Our hospital neighbors to the north in New Hampshire have just taken a decisive step that presents a healthy challenge to the so-called "medical Mecca" in Massachusetts. Steve Ahnen at the New Hampshire Hospital Association writes to say:
Yesterday, we launched our initiative to eliminate harm in New Hampshire's hospitals by the year 2015. While we are proposing to eliminate all harm, our efforts will be clearly focused on those instances of harm that could be prevented if all of the evidence based practices had been followed that are known to prevent that harm.
This is such a terrific effort. It is putting a stake in the ground for our hospitals and they are excited and ready to move forward. We have lots to learn and hope to share that learning as we go.
You can find a copy of the press release here. Excerpts:
CONCORD – In a new effort to promote better and safer care to patients, the New Hampshire Hospital Association and Foundation for Healthy Communities have announced that hospitals across the state will strive to eliminate harm to patients by 2015. To accomplish this goal, hospitals will work together to consistently follow the processes of care that have been proven to increase patient safety.
“Hospitals in our state have made great strides in making improvements to quality of care,” said Steve Ahnen, president of the New Hampshire Hospital Association. “With this initiative, we’ll continue that work with an even more ambitious purpose and timeline.”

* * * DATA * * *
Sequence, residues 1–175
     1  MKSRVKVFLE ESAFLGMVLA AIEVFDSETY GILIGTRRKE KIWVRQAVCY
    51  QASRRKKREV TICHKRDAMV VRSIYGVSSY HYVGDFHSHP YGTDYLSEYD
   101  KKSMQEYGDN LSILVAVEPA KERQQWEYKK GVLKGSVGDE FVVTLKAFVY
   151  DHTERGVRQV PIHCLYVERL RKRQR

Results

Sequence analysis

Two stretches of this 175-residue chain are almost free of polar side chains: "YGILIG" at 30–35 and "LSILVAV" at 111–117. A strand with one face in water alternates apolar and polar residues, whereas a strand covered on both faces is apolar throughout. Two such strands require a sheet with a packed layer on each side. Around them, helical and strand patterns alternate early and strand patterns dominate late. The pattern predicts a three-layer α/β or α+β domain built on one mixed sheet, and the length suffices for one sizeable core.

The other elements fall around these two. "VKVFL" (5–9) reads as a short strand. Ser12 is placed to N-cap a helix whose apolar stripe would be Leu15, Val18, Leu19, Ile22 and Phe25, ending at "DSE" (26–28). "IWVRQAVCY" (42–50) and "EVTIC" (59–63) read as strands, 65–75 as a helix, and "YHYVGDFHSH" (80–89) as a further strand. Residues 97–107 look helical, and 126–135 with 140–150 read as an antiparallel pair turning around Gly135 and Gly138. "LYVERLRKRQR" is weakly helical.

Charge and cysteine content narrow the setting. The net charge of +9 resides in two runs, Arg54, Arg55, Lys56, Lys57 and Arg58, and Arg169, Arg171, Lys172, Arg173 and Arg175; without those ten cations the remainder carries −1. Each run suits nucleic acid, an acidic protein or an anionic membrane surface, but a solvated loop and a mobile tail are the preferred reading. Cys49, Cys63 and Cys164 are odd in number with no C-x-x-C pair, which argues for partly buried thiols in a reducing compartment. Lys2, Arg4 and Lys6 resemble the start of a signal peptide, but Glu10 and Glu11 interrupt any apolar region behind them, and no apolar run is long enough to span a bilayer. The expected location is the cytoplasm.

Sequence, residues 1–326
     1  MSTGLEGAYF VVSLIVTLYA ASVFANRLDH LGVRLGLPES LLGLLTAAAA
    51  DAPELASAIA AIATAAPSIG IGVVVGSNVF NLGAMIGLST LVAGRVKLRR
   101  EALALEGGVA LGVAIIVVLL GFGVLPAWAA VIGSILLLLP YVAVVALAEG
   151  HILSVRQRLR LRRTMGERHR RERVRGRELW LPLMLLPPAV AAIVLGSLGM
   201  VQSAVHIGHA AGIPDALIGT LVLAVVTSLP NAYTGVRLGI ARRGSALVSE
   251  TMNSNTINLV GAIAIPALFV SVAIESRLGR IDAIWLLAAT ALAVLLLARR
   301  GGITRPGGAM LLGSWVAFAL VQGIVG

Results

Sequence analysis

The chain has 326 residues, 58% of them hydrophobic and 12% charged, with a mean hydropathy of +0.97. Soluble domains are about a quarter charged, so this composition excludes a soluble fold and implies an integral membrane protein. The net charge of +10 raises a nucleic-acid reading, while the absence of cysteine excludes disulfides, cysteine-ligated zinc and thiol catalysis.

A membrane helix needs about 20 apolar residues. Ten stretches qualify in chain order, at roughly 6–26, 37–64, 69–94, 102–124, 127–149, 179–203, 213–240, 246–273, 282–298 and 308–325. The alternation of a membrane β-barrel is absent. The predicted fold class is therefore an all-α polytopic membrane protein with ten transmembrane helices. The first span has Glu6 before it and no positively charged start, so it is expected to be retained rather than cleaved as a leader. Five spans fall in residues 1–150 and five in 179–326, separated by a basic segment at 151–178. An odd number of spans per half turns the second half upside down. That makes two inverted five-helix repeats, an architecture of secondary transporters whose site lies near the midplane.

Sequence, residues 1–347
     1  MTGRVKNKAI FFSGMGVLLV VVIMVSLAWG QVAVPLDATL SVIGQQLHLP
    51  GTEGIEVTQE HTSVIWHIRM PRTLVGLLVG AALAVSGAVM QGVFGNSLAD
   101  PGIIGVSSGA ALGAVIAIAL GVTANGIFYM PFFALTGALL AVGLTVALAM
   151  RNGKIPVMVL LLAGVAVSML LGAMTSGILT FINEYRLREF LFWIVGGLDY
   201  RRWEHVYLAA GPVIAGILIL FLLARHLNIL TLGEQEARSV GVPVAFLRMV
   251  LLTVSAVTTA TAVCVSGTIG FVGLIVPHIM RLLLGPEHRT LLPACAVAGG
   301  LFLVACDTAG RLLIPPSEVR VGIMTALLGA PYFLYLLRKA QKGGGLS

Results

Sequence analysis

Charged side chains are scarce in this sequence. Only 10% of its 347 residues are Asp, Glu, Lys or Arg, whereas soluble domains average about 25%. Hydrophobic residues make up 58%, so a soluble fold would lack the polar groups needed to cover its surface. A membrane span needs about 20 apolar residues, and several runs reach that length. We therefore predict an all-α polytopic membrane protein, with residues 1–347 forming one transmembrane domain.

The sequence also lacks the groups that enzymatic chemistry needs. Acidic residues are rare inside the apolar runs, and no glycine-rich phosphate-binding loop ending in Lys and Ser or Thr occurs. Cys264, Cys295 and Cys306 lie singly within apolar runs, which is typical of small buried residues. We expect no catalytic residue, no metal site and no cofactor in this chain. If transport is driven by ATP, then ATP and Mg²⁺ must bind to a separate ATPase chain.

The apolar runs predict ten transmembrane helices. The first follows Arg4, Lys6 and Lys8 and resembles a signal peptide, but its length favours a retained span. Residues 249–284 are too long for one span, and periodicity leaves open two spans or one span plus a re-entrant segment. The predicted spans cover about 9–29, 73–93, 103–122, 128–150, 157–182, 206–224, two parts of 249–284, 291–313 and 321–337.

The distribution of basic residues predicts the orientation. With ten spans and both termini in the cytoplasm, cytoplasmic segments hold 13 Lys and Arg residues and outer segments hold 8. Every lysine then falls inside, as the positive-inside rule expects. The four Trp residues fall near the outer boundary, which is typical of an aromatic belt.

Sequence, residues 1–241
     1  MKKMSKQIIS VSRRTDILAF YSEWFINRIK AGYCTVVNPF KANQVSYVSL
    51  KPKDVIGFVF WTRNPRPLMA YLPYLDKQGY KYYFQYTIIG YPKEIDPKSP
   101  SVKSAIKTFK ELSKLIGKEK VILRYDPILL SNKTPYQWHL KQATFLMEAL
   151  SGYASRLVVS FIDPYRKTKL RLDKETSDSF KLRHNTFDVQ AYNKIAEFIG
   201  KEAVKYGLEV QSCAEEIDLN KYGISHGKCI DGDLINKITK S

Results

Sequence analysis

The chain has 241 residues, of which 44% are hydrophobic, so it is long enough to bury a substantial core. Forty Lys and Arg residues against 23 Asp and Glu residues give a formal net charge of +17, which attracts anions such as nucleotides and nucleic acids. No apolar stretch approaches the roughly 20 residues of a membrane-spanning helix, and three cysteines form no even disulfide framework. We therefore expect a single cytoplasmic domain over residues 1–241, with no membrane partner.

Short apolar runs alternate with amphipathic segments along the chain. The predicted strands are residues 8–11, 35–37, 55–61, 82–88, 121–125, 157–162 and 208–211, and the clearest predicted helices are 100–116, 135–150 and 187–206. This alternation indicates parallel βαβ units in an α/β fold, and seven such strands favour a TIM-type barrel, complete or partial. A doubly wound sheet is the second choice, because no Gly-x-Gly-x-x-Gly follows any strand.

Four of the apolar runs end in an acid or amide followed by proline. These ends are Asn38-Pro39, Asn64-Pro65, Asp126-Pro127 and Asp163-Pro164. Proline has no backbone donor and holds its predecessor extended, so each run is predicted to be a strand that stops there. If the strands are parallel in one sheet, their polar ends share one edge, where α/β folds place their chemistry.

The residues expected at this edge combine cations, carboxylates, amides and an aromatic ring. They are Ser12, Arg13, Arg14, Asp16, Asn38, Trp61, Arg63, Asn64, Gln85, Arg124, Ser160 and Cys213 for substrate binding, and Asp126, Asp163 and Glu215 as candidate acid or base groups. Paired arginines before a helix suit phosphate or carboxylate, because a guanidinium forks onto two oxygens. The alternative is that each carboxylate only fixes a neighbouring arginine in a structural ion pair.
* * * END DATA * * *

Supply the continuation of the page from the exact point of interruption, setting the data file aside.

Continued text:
While there are no uniformly accepted definitions, “harm” in the Eliminate Harm Initiative refers to an injury associated with medical care that requires or prolongs hospitalization and/or results in permanent disability or death.
. . . Greg Walker, chairman of the Foundation for Healthy Communities and CEO of Wentworth-Douglass Hospital in Dover, said, “The boards of trustees of both the New Hampshire Hospital Association and Foundation for Healthy Communities unanimously passed a resolution to make this happen, and the CEOs of all 26 acute care hospitals are ready.”
A statewide steering committee will spearhead the N.H. Eliminate Harm Initiative and identify which aspects of harm hospitals will be targeted for elimination. Several hospitals are represented on that committee. Hospitals in New Hampshire already have been working for several years on improving patient care, including efforts to decrease infection rates through a campaign to promote hand washing among health care providers. Hospitals also are decreasing harm in the operating room by using a patient safety checklist before and during all procedures. Hospitals receive guidelines and tools that are used statewide to help them measure their progress.
“Our hospitals are poised to deliver the best health care in the country,” said Bruce King, immediate past chair of the NHHA board of trustees and CEO of New London Hospital. “The residents of New Hampshire are counting on us.”